For a long time, Justin can’t bring himself to call anyone. Brian’s been away from him forever, something about possible hemorrhaging in the brain and needing surgery to relieve the pressure. He knows that what is going on now behind those big double doors is not that different from what took place while Brian waited in the hall on a chilly May night calendars ago.

Finally, though, he takes out his phone and calls his mother. She’s the first person he thinks of, the person his mind equates with warmth and comfort and reassurance. The tears that so far had only gathered in his eyes begin spilling out and he hiccups when he tells her what happened and where he is and how fucking scared he is. He tells her that he wants Brian to hold him right now, because that is the only thing in the world that will make him feel better.

She says she’ll call everyone and will be on the soonest plane, which is the next best thing.

He wipes his tears with his bloody hands and leaves red streaks on his face that he doesn’t notice.


He falls asleep in the white hospital hallway with his head against the wall and dreams of Brian twirling him in a black tuxedo on a vinyl fake-wood dance floor while his entire graduating class watches, dumbfounded. He feels Brian’s hand warm in his and the strong arm around his waist when Brian lifts him up and spins him in the air. He tastes the kale and the shot of Beam Brian did before he came to this cheesy hotel when they kiss, and he hears the stunned gasps of his classmates behind him when they smile secretively at each other in the fluorescent lights. Brian says “ridiculously romantic” and he laughs and turns and Chris Hobbes nails him right in the head with a baseball bat and –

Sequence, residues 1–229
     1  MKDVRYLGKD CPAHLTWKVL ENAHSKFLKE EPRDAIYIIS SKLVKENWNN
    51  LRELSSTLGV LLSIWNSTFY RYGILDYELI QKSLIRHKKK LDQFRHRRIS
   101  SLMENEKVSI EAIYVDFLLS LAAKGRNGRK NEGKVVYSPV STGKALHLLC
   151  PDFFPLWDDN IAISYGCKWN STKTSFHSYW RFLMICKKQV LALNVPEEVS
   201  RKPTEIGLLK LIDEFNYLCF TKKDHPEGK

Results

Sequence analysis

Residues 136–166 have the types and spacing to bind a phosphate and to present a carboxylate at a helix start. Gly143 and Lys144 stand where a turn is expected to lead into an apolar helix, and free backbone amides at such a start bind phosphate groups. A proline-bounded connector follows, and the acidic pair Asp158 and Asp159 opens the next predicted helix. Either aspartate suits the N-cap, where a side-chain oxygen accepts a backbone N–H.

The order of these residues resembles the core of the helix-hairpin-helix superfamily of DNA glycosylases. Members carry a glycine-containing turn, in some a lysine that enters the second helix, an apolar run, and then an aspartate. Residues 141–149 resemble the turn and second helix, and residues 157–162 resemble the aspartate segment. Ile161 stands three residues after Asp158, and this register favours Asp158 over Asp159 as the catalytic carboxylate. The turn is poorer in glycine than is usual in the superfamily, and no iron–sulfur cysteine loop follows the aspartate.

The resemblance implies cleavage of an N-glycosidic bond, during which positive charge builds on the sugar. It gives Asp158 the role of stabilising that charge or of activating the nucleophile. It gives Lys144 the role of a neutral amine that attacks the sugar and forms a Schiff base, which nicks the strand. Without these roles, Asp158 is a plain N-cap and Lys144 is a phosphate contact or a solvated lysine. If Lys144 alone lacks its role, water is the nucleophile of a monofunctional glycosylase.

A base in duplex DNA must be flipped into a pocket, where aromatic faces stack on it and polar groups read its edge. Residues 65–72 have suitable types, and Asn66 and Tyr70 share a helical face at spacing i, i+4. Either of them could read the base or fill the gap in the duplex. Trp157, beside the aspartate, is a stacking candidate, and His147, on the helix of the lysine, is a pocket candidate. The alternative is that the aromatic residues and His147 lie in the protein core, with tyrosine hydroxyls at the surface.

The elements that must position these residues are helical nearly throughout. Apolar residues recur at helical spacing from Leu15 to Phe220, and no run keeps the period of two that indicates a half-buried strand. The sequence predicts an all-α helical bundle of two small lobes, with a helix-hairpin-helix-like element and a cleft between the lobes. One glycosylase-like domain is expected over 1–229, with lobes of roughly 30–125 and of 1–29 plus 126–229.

--and he wakes up screaming with a nurse shaking his shoulder and the other people passing by giving him odd looks.

“Sir,” the nurse says in what must be a patented no-nonsense, brook-no-argument, fear-no-evil voice. “Sir, Mr. Kinney is out of surgery. His doctor would like to speak with you.”

Justin draws a shaky breath as he stands to meet the serious-faced man waiting for him at the end of the hall.


Michael and Justin’s mother come into Brian’s room hours later and he finds himself enfolded in a hug from both of them at once. His mother lingers, brushing at his face with her smooth fingers, whispering, “Honey, honey, it’s going to be fine.” He wants to believe her more than he wanted to be Brian those hours ago at the studio.

“Justin?” Michael gently asks.

“We had reservations at Per Se,” he says softly, the first words he’s spoken since going into the hospital. “Brian was looking forward to it so much. More than me. He –“

“What did the doctor say?” he probes carefully. Absently, he wonders if his mother is offended by Michael’s creepily mothering attitude. Justin can’t see any faces, not even Brian’s impassive and expressionless drug-induced sleep. He feels blind and suffocated under his mother’s gaze and Michael’s burning stare.

“I – I don’t –“ He swallows, and his dry throat scratches and burns.

“Justin?” Michael presses, his voice tight.